An Awesome Picture of Our Pet Spider

And because I know some of you are creeped out by spiders, I’m putting it behind the cut (for those of you on the RSS feed, uh, sorry):

Ain’t she (or he, it’s not like I know) a beauty? This one’s been hanging out on our front porch for the last month, catching all manner of flying insect, which we’re happy about. I don’t suspect it’s long for the world now that fall is here and the temperatures are dropping, but until then we’re happy to have it hanging out. Watching it do its thing is better than the Nature Channel.

Krissy has already noted that if it gets it into its arachnid head to try to come inside once it gets cold it’s going to wish it stayed outside, but I don’t think it’ll do that. It’s too big to slip under the door in any event.

Also, if anyone knows what type of spider this is, please tell me. I’m interested in knowing.

69 Comments on “An Awesome Picture of Our Pet Spider”

  1. Cool! We’ve been raising Monarch caterpillars and releasing them. I also have a ton of Praying Mantis. It’s cool when they hang out in a window and cast a HUGE shadow into the house.

  2. Also, I am terrified of spiders but apparently lose all fear of them if I’m looking at them through a camera lens. And I never really get tired of looking at close-up photography of them.

  3. I am not an arachnologist, but my best guess would be that this guy (I have no idea about the gender either) is probably a Barn Orb Weaver. (A. Cavaticus)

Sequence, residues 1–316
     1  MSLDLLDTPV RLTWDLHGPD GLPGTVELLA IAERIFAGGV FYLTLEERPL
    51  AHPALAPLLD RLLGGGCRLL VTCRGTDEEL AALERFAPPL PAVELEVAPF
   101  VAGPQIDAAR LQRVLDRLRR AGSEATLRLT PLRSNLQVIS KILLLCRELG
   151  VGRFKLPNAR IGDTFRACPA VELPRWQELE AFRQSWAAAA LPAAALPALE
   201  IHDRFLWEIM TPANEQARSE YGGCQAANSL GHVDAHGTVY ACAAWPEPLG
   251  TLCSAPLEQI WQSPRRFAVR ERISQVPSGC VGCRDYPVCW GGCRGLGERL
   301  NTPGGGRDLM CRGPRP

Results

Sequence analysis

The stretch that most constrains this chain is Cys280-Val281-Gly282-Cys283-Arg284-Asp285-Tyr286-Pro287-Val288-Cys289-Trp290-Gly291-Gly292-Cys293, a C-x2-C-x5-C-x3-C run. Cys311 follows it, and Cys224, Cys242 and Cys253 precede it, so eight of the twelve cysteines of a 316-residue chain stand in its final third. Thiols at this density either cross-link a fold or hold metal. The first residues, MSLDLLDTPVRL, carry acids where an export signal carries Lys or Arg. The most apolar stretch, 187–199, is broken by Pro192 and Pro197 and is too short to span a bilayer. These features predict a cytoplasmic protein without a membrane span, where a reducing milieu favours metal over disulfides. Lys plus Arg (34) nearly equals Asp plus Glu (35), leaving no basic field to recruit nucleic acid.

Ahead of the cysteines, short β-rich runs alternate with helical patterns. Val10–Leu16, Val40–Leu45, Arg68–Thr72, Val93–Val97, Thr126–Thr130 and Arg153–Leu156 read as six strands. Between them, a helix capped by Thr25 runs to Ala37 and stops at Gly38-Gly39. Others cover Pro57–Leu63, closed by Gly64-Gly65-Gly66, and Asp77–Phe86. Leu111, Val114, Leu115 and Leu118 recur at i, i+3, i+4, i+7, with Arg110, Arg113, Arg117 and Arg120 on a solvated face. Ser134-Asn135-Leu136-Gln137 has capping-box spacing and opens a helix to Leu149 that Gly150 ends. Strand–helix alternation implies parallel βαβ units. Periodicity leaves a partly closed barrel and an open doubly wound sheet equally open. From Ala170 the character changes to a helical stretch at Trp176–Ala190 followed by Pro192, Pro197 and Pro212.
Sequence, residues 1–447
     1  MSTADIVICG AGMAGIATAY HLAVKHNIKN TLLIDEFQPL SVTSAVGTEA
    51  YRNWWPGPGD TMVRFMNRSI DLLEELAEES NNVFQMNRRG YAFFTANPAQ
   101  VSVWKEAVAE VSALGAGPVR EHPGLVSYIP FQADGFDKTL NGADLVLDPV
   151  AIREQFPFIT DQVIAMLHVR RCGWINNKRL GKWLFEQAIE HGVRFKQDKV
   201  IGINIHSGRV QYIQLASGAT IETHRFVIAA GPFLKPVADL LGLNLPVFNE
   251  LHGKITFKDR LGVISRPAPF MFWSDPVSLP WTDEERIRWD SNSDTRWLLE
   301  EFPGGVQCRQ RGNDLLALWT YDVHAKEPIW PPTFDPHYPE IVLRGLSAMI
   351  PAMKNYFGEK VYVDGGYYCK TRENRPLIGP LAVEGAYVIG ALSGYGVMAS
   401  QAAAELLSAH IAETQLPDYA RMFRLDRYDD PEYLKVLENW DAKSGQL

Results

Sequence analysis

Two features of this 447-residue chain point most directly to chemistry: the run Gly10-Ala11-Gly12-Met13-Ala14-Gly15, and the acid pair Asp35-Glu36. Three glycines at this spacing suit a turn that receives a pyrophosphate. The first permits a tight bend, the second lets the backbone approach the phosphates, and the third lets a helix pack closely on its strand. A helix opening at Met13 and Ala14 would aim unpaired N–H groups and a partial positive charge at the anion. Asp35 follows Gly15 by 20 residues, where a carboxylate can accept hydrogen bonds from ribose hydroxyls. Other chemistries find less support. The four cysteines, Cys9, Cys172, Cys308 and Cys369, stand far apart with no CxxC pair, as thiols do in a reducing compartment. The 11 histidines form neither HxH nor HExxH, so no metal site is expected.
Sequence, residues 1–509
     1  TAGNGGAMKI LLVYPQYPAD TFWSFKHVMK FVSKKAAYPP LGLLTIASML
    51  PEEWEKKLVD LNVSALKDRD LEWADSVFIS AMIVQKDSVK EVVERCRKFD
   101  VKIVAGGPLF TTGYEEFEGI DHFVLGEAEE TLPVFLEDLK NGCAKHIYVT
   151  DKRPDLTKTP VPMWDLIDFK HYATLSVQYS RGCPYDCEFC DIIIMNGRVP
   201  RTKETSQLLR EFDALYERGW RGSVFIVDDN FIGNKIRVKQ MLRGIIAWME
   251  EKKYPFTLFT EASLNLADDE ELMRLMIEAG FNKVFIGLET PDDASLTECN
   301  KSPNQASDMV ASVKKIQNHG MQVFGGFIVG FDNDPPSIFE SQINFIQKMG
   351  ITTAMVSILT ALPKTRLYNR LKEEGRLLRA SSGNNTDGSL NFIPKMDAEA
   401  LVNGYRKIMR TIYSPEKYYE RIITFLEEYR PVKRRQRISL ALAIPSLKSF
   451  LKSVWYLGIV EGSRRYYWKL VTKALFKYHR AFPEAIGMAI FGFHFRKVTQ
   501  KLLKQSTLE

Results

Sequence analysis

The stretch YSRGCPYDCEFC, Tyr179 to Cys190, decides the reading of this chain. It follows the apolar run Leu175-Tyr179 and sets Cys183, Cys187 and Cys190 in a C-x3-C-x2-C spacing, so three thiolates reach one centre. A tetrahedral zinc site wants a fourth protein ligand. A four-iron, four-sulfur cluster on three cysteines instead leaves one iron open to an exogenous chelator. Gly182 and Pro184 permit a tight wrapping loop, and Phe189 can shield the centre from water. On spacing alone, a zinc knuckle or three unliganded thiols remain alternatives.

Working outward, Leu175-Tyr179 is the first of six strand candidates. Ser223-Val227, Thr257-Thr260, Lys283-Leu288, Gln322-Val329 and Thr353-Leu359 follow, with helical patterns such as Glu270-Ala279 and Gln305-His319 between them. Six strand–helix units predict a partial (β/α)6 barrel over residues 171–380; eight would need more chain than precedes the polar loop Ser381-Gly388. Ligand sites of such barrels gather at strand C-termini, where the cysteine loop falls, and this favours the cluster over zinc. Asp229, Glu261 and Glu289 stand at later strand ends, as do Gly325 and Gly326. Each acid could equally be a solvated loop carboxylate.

They are large and often vibrantly-colored (the stripes on its legs are consistent with the usual coloring) spiders who construct large webs (often near human structures, thus the name) and they are common enough in Ohio. Charlotte (of Charlotte’s Web) was likely meant to be one.

    Spiders don’t really “come in from the cold,” as our intuition would suggest. Outdoor spiders usually stay outdoors, and any indoor spiders were most likely born there. Thanks to evolution, indoor and outdoor varieties have very different needs and usually cannot survive in each others’ environments.

    That’s really a very nice picture. I am an arachnophobe, but that’s okay. Not only is it my own fault for clicking, but I’ve been working on dealing with it most of my adult life (thus why I do a lot of reading on spiders.) It doesn’t really go away, but you learn to tolerate it.

  4. evidently I am late to the party, but yes, she is a “orb weaver” and most likely a she (females tend to be much larger ) you could name her Charlotte Jr. (Charlotte was also an orb weaver)

  5. heh.. I’m one of those on the RSS feed…
    Have to admit, I did wince a bit. But, of course, afterward looked the spider up and learned quite a bit. Great picture.

  6. @Robert Richter…
    I’m the same way. I used to really be afraid of spiders. Especially the brown recluse, which we have in abundance here in OK. If I found one crawling the wall in my bedroom, I wouldn’t be able to sleep for a week!

    But I’d have to say that learning about all the spiders in my particular part of the country has helped me overcome most of the fear. Most of them are harmless…and for the ones that are not.. well, I have a first aid kit! :)